Colossal characters of the first Spring Holiday
'The season of Easter is a "commonwealth" of festivity', said Aris's Birmingham Gazette on Monday 21 April 1851. 'It is particularly interesting at this season of the year to notice the various preparations for public recreation and amusement. Hoardings are placarded with immense posters, calling attention in colossal characters, to excursion trains, steam vessels, concerts, theatres, fairs, and numerous other sources of enjoyment, and wherever we look we can discover indications of the "first Spring holiday".'
Historical printed playbills are a fascinating resource for examining how generations past were entertained. They have great visual appeal, designed to catch attention. Perhaps the Birmingham newspaper reporter saw this very playbill advertising grand entertainments for the Easter Holidays at the Theatre Royal in April 1851?
Playbill for Birmingham Theatre Royal, 22 April, 1851, British Library shelfmark: Playbills 199 (Image sources with thanks to Sakib Supple)
The bill’s 'colossal characters', its large bold type, quite literally evokes the host of performers lined up in a series of novelties for the local stage.
A great and surprising variety of entertainments appeared on Victorian stages across the country. ‘Traditional’ theatre is certainly represented here with the great eastern romance of Sinbad from The Arabian Nights and the historical drama, Shakespeare’s Early Days (Shakespeare pageants and tribute plays were common around the country especially near his birthday at the end of April). But the novelty and variety of the mixed bill is noteworthy. Performing animals were a big hit and this bill announces the treats in store from Monsieur Desarais’ 'Troupe of Histrionic Dogs and Monkeys'!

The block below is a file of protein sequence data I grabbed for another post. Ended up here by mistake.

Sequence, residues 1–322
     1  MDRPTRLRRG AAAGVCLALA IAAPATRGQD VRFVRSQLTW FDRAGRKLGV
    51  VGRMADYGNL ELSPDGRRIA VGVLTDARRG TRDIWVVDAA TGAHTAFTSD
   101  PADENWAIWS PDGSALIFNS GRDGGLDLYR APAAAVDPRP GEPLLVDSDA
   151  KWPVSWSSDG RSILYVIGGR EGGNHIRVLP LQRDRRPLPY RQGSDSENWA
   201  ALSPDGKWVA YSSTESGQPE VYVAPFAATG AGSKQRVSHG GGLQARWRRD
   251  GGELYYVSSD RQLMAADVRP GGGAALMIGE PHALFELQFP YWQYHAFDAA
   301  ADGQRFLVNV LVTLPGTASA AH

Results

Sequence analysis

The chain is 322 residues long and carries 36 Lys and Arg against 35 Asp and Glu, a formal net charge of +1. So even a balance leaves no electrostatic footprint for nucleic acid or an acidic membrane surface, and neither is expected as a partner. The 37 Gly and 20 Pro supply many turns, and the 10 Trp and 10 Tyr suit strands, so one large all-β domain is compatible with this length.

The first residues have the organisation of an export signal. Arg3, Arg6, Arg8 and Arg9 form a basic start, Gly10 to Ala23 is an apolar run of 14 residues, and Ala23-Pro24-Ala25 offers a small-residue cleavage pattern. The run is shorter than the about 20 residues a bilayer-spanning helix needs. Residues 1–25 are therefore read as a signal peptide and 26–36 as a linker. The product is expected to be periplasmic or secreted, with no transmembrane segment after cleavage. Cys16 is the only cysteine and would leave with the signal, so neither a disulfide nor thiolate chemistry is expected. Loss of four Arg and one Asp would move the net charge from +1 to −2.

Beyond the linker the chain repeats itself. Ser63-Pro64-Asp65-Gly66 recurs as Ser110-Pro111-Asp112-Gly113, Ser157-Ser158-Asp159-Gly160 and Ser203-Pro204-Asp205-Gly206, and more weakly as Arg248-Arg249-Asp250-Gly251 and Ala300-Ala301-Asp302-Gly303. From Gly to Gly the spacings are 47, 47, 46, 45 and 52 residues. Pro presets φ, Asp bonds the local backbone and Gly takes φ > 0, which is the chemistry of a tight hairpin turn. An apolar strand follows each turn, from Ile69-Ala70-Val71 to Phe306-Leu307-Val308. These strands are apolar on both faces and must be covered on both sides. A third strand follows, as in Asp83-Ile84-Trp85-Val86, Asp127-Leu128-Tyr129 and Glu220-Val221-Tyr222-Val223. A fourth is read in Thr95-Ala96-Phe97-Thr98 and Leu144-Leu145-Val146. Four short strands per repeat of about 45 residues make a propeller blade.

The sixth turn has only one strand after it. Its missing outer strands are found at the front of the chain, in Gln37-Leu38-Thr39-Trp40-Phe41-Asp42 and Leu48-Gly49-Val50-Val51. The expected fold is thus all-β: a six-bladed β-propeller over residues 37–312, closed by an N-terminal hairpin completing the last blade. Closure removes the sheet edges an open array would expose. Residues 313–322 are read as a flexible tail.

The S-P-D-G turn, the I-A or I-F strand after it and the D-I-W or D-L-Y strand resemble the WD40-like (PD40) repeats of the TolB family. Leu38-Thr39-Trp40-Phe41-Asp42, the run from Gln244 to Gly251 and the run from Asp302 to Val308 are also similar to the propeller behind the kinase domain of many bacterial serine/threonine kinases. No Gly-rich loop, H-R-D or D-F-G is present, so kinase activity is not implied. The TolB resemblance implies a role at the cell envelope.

Mons. Desarais’ Extraordinary Troupe of Histrionic Dogs And Monkeys. From a playbill on 29 April 1851. Theatre-goers could see dogs walking on their forelegs; climbing up and down ladders; monkey ‘carousals’(?!), dogs playing dead and wounded (?!); and monkeys on backs of dogs in a grand steeple-chase! “the singing dog” will 'perform an original solo' (?!!!) and a dog called 'Cupid' performs amidst a display of fireworks (?!). British Library shelfmark Playbills 199 (Image sourced from Trove, National Library of Australia)
In addition to large, bold and playful type fonts, playbills often used illustrations to draw in peoples’ attention. This playbill shows the acrobatics of the funambulist ‘Young Hengler’, a rope dancer who thrilled audiences 'by discharging a brace of pistols whilst accomplishing a lofty aerial somersault'. In calmer moments he would entertain with a drum polka and buffo dance with his feet in bushel baskets.
The Henglers were a large family of skilled circus performers, they became a huge company with a presence in many regional cities and in the centre of London in Argyll Street (on the site of the Palladium today). Later in the century, Music Hall culture diminished the audiences’ taste for this type of circus act and despite more far-fetched and extreme acts at Hengler’s like 'water theatre' and human cannonballs, they went to the wall in the late 19th century.